Donors often contribute to their Fund over time and many also make a gift through their Will (the total value of those gifts in Wills , based on current information, is likely to be in the $175 million-$225 million range). In the meantime the Acorn Foundation has developed a wonderful reputation in its community as a serious funder.
Other community foundations are having outstanding success as they build up their resources for what is a medium-long term project. The total amount of the Funds has unlimited potential.
More significantly, it gives people a very real opportunity to “give back” to their community without any cost to them, and only an opportunity cost to the other beneficiaries of their Wills.
What does a community foundation actually do?
You don’t have to be wealthy to make a difference. Creating a compassionate, caring community just needs kind and thoughtful people. The CF aims to make the process as easy and rewarding as possible so that everyone can contribute in a way that works best for them, whether that be giving during their lifetime, or in their Will, or both.
Manages each Endowment Fund
While each Fund is separately monitored and accounted for, the capital of each Fund is invested in combination with all other Funds to spread the investment risk and achieve economies of scale.
The CF appoints an investment manager (usually a national sharebroking firm) and has an Investment Advisory Committee to oversee all investment recommendations. The CF liaises with the Donors and reports each year on grants that have been made from each Donor’s Fund.
Distributes Income Each Year
Distributions of between 3.5% and 5% from each Fund are made annually. Sometimes the CF assists Donors with “Pass Through” funds where the whole gift(and not just the income) is distributed. The CF makes all distributions in accordance with the instructions which have been made by the Donor at the time when the Fund was created.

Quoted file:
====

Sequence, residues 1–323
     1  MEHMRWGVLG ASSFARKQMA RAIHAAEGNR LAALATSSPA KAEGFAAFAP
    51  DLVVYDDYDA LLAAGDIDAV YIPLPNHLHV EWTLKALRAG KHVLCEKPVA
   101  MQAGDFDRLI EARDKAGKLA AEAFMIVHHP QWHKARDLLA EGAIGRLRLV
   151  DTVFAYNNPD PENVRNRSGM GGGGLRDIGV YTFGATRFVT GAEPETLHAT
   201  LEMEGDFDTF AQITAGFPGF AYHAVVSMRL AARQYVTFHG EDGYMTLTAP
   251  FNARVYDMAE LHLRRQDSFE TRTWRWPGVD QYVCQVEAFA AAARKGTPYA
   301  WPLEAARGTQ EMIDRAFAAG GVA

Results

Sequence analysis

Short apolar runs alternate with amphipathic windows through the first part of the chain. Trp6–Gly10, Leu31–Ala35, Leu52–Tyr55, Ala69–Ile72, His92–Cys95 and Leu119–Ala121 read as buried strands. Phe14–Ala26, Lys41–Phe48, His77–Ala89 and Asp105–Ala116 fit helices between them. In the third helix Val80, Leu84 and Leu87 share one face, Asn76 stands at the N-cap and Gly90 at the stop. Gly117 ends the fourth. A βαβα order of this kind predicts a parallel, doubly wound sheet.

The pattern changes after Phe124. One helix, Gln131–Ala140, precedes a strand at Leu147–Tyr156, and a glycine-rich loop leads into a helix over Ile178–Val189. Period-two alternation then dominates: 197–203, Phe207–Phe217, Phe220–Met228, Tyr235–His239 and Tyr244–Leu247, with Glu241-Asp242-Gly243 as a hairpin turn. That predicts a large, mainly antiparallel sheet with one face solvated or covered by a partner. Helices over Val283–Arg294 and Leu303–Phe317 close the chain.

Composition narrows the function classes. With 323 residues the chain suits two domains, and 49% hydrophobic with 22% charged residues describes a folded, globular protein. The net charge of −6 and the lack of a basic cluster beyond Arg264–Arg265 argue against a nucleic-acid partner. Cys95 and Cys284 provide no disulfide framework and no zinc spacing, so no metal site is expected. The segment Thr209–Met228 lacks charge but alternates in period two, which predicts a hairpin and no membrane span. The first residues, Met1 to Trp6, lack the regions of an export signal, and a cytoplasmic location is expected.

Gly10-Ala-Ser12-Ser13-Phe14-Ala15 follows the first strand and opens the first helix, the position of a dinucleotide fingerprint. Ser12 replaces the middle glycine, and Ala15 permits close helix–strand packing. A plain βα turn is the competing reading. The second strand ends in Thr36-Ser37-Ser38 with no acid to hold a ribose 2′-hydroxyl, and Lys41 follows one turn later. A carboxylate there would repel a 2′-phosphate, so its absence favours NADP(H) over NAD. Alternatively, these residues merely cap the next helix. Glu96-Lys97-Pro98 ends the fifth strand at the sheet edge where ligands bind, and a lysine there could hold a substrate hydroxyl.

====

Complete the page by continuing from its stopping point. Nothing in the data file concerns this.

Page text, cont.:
Where the Fund is wholly or partially unrestricted, the CF invites applications from local charities and community groups, and allocates those funds based on identified priorities.
The CF’s Distributions Committee receives applications, and makes recommendations to the CF Board as to how the available funds shall be distributed.
What are the benefits to the Donor?
Donors giving during their lifetime derive real pleasure from seeing their money making a difference in their community now.
People who choose to give a gift in their Will love knowing that what they have worked and saved for will provide lasting benefit to their community, for generations to come.
CFs recognise that when making their Wills, Donors will, of course first want to provide for their family first. If the Donor is prepared to leave part of their estate to the community through a CF, then they are encouraged to give a percentage rather than a specific amount. In this way, the amount of the gift is not too much and not too little.
By way of an example:
Donors with children often leave 90% to their children and 10% to the CF
Donors who do not have children or close family often leave 50% (or sometimes more) to the CF.